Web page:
insofar as you can observe them. For example, do not tell the reader your biology instructor is a neat,
meticulous person; show your reader the instructor’s “dust-free computer monitor and stacks of papers
with corners precisely aligned, each stack sitting exactly three thumb-widths from the edge of the desk.”
How a subject interacts with others is fair game for description if you can observe the interaction. On
the other hand, a subject’s life history and world perspective may not be, unless you can infer them, for
example, from the photos on his walls or the books on his bookshelf.
“Similarly, if the subject of your description is an object or a place, you may include not only its physical
appearance but also its geographic, historical, or emotional relevance-as long as you show or suggest it
using sensory details, and avoid explaining.
“Deciding on a purpose
Even description for description’s sake should have a purpose. Is there an important overall impression
you wish to convey? A central theme or general point? This is your thesis; organize your essay around it.
For example, you might describe your car as your home away from home, full of snack foods, changes of
clothing, old issues of the Chico News & Review, textbooks, and your favorite music. Or, you might
describe your car as an immaculate, beautiful, pampered woman on whom you lavish attention and
money. Just don’t describe your car in cold, clinical detail, front to back (or bottom to top, or inside to
outside) without having in mind the purpose, the overall impression you want to create. To achieve this
impression, you should not necessarily include all details; use only those that suit your purpose.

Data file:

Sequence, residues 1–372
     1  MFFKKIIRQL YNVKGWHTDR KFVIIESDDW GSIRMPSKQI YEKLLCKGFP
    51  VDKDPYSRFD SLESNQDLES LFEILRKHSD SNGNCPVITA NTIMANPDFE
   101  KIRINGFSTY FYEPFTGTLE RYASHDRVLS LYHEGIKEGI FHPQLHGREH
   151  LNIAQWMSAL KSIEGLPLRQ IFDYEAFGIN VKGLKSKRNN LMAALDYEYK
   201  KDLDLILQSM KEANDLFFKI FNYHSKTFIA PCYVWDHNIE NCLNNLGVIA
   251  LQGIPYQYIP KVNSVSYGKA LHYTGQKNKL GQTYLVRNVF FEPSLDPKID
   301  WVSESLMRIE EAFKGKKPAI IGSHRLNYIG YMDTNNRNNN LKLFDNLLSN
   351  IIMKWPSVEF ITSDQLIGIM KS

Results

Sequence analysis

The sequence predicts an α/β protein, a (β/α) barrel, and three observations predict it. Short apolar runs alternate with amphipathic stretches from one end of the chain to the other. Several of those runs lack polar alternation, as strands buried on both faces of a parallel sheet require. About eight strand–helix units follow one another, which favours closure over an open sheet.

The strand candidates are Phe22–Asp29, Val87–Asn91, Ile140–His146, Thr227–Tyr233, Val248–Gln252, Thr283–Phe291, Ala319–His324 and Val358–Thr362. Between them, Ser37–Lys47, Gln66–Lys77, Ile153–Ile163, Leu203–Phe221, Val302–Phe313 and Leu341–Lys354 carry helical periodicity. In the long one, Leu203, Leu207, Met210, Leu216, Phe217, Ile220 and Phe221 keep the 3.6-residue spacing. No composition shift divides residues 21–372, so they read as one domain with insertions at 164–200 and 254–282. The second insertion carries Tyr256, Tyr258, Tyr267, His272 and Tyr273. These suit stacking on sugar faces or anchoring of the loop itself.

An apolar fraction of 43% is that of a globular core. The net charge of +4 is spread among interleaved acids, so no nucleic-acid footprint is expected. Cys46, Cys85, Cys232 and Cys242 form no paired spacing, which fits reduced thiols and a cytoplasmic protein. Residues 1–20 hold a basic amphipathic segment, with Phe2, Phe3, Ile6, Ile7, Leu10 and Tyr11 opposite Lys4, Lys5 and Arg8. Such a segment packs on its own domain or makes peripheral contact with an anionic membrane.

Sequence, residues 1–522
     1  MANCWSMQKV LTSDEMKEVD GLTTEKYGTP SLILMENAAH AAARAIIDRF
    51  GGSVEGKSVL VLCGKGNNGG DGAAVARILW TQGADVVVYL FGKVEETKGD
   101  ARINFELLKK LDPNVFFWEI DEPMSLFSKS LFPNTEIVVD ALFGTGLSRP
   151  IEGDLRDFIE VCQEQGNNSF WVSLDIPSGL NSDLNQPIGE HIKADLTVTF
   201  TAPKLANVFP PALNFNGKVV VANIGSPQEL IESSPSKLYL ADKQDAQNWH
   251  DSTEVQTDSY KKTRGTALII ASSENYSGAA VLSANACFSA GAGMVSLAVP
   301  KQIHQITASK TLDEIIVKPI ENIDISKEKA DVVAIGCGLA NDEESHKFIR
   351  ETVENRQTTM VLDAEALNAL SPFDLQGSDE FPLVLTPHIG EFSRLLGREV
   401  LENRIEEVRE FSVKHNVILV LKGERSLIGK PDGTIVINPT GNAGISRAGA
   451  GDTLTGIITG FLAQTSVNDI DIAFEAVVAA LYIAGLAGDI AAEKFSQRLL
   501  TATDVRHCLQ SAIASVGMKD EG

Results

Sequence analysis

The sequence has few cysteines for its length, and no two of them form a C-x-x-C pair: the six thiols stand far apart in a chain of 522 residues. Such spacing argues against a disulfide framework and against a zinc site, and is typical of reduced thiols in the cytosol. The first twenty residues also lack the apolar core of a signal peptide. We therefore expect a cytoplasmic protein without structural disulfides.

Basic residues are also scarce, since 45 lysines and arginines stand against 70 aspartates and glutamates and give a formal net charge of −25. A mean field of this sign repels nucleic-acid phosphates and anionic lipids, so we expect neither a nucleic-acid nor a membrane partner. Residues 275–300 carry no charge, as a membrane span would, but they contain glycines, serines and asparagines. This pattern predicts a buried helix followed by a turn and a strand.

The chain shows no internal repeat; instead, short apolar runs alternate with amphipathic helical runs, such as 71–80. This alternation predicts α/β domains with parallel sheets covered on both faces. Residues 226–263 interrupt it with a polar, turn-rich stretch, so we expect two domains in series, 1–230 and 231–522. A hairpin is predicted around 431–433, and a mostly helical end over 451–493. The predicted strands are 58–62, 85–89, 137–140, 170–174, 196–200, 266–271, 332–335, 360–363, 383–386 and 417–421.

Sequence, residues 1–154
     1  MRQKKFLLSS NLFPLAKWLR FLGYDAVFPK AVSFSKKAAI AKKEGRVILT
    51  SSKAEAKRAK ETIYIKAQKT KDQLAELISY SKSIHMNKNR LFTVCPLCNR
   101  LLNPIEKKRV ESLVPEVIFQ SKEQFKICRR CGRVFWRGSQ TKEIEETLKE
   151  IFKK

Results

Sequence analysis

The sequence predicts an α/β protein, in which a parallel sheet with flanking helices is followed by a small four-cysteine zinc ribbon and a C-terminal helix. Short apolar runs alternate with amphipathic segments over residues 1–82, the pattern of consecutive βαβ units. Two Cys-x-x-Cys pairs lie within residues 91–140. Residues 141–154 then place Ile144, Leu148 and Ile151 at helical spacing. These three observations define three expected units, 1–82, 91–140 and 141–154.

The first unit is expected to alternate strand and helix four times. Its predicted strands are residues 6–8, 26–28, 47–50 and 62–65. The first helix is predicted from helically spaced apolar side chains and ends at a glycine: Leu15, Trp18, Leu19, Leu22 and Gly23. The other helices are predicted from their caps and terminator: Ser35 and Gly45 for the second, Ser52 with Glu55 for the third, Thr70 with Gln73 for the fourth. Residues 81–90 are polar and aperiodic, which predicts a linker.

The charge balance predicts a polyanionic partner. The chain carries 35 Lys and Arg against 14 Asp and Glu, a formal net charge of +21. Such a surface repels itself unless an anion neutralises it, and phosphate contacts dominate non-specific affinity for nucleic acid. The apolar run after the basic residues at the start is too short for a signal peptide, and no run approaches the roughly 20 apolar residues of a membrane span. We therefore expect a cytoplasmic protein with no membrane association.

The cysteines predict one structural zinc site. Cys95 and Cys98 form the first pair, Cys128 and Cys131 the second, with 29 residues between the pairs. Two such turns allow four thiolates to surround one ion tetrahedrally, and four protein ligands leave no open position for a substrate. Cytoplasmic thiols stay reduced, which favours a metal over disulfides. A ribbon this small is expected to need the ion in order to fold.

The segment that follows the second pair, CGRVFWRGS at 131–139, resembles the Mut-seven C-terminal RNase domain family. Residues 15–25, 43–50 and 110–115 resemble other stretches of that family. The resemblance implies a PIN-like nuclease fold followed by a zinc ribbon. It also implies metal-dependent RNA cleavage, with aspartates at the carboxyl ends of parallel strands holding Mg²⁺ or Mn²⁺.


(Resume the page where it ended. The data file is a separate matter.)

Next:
“Avoid telling a story unless it is of central importance to the description or an understanding of it. Keep
background information to an absolute minimum or avoid it altogether.
“Organizing
Extended description that lacks organization has a confusing, surreal quality and easily loses readers’
interest, so choose an organizational plan. Use whatever progression seems logical–left to right, inside
to outside, top to bottom-and stick to it. For example, it does not make sense to describe a person’s
facial features and hair, then his sonorous voice and impressive vocabulary, and then return to details
about his eyebrows and glasses.
“A quote from your subject or a brief anecdote about him or her may provide an interesting
introduction (or conclusion); dialogue can be a great way to add interest to a descriptive essay. In your
introduction, you might be permitted to make general, abstract statements (tell about) your subject or
supply background information, as long as you demonstrate these points concretely later in the body of
your essay.
“Use vivid nouns, verbs, and adjectives, and appropriate metaphors, similes, comparisons, and
contrasts. Avoid clichés.
“Like the introduction, the conclusion is another place you can get away with reflecting about your
subject: Why did you write this description? What is its significance to you? To your reader? If you have
achieved your purpose, your conclusion should only confirm in the reader’s mind what you have already
shown him by your use of selected sensory details.”
1
Essay details:
Your essay will be five paragraphs long with a strong Thesis at the beginning of the essay (last sentence
of the first paragraph) to guide, govern, and summarize your observation. MLA format is necessary.
(You can find a template on Word for an MLA essay: Times New Roman 12 point Font, double-spaced.)